We have come to know and to believe
the love that God has for us.
1 John 4:16

Trinity 7, 2021

O God, whose never-failing providence orders all things both in heaven and earth, we humbly implore You to put away from us all hurtful things and give to us those things that be profitable for us; through Jesus Christ our Lord, Amen. [Gelasian Sacramentary]

God’s grace, mercy, and peace are yours from God our Father, through our Lord Jesus Christ.

In the name of Jesus, Amen.

God the Son fed thousands, more than once. During His life on Earth, Jesus fed five thousand with five loaves, and in today’s Gospel, He fed four thousand with seven loaves. But in 1 Corinthians 10, St. Paul writes that the millions of Israelites with Moses in the wilderness were also fed by Christ. The food was different then, but similar.

The Son of God was also there in today’s OT, as John wrote, “In the beginning was the Word. … All things were made through Him, … and the Word became flesh and dwelt among us.” This OT lesson describes the time before sin entered the world, in the garden of paradise. Instead of thousands, it was only two people with an abundance of food and delights all around them. We might say this abundance was natural. But they were enjoying the gifts of God, and the same Son of God who fed 4,000 also provided all that Adam and Eve required.

Our epistle also teaches about fruit, but neither grain nor apples. This is the fruit that grows from the way a person lives. There is a fruit of sin and a different fruit of righteousness. They both promise joy, but only one kind satisfies: the kind of fruit that comes from God.

Mark 8:1-9

 In those days, when again a great crowd had gathered, and they had nothing to eat, he called his disciples to him and said to them, 2 “I have compassion on the crowd, because they have been with me now three days and have nothing to eat. 3 And if I send them away hungry to their homes, they will faint on the way. And some of them have come from far away.” 4 And his disciples answered him, “How can one feed these people with bread here in this desolate place?” 5 And he asked them, “How many loaves do you have?” They said, “Seven.” 6 And he directed the crowd to sit down on the ground. And he took the seven loaves, and having given thanks, he broke them and gave them to his disciples to set before the people; and they set them before the crowd. 7 And they had a few small fish. And having blessed them, he said that these also should be set before them. 8 And they ate and were satisfied. And they took up the broken pieces left over, seven baskets full. 9 And there were about four thousand people. And he sent them away.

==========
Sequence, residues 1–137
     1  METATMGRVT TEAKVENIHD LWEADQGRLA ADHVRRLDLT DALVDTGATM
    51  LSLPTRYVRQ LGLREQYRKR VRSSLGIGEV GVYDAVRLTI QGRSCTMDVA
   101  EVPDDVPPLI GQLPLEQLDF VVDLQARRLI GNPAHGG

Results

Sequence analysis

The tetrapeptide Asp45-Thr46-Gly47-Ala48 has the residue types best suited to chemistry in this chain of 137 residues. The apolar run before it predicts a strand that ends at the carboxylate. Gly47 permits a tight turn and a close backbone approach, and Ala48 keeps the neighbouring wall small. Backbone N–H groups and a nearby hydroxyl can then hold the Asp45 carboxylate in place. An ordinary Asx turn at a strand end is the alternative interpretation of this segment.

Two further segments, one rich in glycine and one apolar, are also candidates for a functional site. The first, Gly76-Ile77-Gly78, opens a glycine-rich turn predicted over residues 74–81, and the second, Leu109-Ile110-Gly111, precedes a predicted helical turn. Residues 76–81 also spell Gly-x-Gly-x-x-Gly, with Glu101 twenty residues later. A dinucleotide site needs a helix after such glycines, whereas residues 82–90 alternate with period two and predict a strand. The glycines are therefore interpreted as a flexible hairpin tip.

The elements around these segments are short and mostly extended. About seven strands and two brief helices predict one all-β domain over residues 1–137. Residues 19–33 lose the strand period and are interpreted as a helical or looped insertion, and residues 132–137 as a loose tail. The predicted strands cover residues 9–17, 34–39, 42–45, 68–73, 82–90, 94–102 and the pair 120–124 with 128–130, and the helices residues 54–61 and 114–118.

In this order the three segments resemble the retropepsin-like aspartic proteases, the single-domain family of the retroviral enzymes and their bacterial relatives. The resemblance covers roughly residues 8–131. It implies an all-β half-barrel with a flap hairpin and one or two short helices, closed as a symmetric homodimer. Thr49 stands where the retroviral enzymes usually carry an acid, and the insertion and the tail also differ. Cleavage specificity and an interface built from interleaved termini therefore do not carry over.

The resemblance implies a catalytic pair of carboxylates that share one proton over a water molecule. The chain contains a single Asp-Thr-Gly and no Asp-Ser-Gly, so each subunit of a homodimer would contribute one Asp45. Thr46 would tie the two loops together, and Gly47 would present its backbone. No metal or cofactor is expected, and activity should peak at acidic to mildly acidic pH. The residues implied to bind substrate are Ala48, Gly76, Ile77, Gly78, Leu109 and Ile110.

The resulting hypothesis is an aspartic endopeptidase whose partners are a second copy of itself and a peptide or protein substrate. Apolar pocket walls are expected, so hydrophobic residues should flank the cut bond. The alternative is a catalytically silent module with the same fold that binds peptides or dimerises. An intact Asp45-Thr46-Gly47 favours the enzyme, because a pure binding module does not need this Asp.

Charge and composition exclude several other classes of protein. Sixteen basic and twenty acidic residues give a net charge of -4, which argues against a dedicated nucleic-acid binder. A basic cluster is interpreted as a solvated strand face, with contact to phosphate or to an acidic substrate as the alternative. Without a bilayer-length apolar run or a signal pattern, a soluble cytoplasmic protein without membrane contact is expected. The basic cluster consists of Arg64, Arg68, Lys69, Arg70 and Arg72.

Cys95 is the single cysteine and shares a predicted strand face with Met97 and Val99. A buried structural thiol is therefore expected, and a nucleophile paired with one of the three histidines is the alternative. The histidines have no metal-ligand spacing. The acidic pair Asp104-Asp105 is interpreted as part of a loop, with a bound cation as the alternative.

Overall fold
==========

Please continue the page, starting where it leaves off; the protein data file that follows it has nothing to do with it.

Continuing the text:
This is God’s Word. Sanctify us through the truth, O Lord. Your Word is truth. Amen.

Dear fellow redeemed,

The food supply chains are not functioning as well as they have. People are experiencing empty shelves and higher prices. Food has been left to rot in the fields, or taken to the dump. It’s reminiscent of pictures from the old Soviet Union. There are shortages in other areas too, though demand is high and Washington D.C. is doing its best to give everyone spending money. Part of the problem is an economy still reeling from shutdown and pandemic. The question of the disciples makes more sense now than two years ago. “How can one feed people with bread here in this desolate place?

The world we live in is not generally a desolate place. The sea, the land, and the air all teem with life. God provides. What we do with His gifts is another matter. And then there’s the curse of Adam, which falls on us all. “Cursed is the ground because of you; in pain you shall eat of it all the days of your life.” In a sense, this world can seem like a desolate place.

The Israelites fed by God with manna were in a desert that could not sustain them with food. After His baptism, Jesus was led into the desert to be tempted. God uses desolate places to test and shape us. But we see that He does not leave us there alone. His presence is there, too. And with Jesus’ temptation, we also see that God Himself came to suffer the very privations that we may experience. Jesus fasted forty days and forty nights. Even He knew hunger, because God does not leave us alone in the desolate places. We must keep that in mind when our physical or spiritual journeys take us through deserts of one kind or another.

When the disciples and a crowd of 4,000 hungry people had Jesus in their midst, they saw something like the Israelites in the desert. They saw God’s providence from an angle that we don’t usually see it. Make no mistake: we do see God’s providence, every day. Whether it be a crust of bread or filet mignon, we ought to begin by thanking God for His blessing. Whether it be paid with a credit card or grown in the back garden, the truth is we wouldn’t have it without God’s blessing. But from the angle we see God’s providence, God himself often remains hidden. He hides behind farmers, agricultural biologists, and mechanics. He hides behind shippers, processors, storage facilities, and marketers. God’s face as your provider may have the look of a cashier, and the silhouette of an over-the-road truck driver. Many of them are not even Christians, yet they are God’s face, arms, and fingers as He provides bread and meat for you.